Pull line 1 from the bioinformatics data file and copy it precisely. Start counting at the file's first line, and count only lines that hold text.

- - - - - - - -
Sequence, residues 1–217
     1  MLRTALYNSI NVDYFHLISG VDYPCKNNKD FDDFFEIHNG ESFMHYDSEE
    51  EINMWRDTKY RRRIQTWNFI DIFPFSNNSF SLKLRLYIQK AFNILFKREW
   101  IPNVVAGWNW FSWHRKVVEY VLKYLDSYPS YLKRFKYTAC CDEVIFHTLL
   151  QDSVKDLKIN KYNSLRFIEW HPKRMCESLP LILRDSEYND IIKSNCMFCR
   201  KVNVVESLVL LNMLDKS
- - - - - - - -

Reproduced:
Sequence, residues 1–217